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Running gas boiler w/o electricity?

what the rules for Powerpile are in NJ, but here in New England it is not required to have a shut off switch on fully dedicated steam systems on Powerpile.


  • Running gas boiler w/o electricity?

    Can I run my gas boiler without electricity? As far as I can tell, electricity is used for the thermostat and the low water level cutoff and maybe the pressuretrol. My burner is old enough that it has an always on pilot light, so I don't think any electricity is used there.

    I am asking this just in case I ever lost electricity in the winter. I'd like to know what to do to keep my family and house warm without electricity, if that's possible.

    Thanks in advance,

  • kevin coppinger_4
    kevin coppinger_4 Member Posts: 2,124
    not sure that jury-rigging ...

    is a good plan. A properly installed generator is probably a way to go.

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  • Dave_4
    Dave_4 Member Posts: 1,405
    If the boiler is ...

    Steam and in fact has a power-pile generator pilot, it already is "off grid." If it is a gravity system, sans circulator - that may too may be "off grid."

    If a circulator is present, you must have a line voltage source or circulation will be impossible - UNLESS it is steam or gravity H/W.

    Whattaya think? Might you have a power-pile (a/k/a millivolt generator) style pilot system?

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  • The boiler is steam...

    and I don't have a circulator (I'm assuming that a circulator is an electric pump of some kind).

    I'm not sure about the power-pile. In fact, I've never heard for them before. I did find some pictures of them on the Internet, and I do have something that looks like a power-pile. What would be the other choices?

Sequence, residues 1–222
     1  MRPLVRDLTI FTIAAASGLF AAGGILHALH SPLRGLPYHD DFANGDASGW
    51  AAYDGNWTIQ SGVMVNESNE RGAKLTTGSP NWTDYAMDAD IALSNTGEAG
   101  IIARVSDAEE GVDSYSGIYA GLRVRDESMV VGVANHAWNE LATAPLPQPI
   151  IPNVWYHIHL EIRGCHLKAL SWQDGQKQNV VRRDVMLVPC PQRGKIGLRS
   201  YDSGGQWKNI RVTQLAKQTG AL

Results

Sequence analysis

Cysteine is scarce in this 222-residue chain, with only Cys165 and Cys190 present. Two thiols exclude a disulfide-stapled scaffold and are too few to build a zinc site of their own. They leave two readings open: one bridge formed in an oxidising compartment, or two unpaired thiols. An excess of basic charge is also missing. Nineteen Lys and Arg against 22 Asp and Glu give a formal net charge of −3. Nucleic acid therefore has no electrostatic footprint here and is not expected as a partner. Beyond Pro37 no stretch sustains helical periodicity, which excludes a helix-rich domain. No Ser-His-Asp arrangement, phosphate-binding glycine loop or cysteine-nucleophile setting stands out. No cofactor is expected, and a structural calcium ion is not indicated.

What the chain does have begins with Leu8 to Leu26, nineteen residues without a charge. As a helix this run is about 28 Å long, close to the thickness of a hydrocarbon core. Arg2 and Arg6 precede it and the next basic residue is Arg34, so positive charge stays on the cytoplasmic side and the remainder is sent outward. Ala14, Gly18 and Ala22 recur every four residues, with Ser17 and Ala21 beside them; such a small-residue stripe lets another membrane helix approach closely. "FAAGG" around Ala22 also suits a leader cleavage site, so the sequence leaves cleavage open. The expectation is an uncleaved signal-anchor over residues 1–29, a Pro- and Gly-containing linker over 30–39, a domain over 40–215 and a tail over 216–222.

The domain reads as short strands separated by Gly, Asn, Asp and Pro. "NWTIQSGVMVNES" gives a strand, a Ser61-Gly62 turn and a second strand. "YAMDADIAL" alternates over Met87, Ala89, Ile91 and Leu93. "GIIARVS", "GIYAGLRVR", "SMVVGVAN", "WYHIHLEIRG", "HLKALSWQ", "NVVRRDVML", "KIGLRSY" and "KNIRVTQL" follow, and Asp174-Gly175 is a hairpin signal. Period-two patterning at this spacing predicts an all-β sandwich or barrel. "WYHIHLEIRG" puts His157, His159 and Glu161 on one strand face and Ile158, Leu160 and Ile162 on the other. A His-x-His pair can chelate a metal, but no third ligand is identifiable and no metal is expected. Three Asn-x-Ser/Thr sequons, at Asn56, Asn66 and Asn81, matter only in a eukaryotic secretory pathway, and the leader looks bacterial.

• If you have a powerpile system

    it will run without electricty. On steam systems you could also have a thermocouple type pilot system with that operating the pilot safety system side of the unit only. It is also possible to have a steam system with powerpile.

    If you have forced hot water or forced warm air those also could have a powerpile system operating the burner side of the system. The obvious is that the circulator or blower need power to operate. You can however in a power failure run the boiler on gravity by opening the flow check valve or zone valves manualy and on the control for the boiler usually the relay there is a manual switch by tripping it to manual the boiler will cycle on high limit and with the controls mentioned manually open you will get gravity feed until power comes back on, then swith the switch back to auto and close the zone valves or flow valve.

    On the warm air system the blower will not run but you can pull the blower door off and run the furnace on gravity as the thermostat will still be operating the powerpile system with high limit protection. When power comes back just put the door back and you are all set.

    Powerpile systems were the best systems ever made for gas.
  • Brian, if there is no 120 volt shut off

    switch for your boiler then it is powerpile. The powerpile system runs through the thermostat, pressuretrol, low water cutoff and runs the entire system so in a power failure you are all set.
  • 120 volt shut off

    Thanks, Tim. I guess I don't have a powerpile then. There is what looks like a regular household light switch on the boiler with wires going to the the pressuretrol and low water cutoff.
  • Dave_4
    Dave_4 Member Posts: 1,405
    Don't be fooled...

    Just because you have a red plate and typical mlight-switch on/off tiggle does not necessarily mean it is 115-volt powered!

    All boilers, both line voltage and self-powered types should have a on/off switch.

    The real question is: "Does the switch get powered from the breaker/fuse panel - or not"! If there is no obvious wire or BX going from the on/off switch to the house wiring fuse/breaker box - a power failure has no impact on your heating system. Typically, the breaker/fuse panel has each breaker/fuse labelled. Code states, "You must have a dedicated breaker/fuse for the boiler." Meaning, only the boiler is supposed to be on that circuit. If your wiring is very old, that may not be the case. But if you have breakers, not fuses, chances are well over 90% that the dedicated breaker, code requirement, will be a fact - and you'll see it - and know for certain what powers your steamer - 115 volts; or, the flame of the pilot only.

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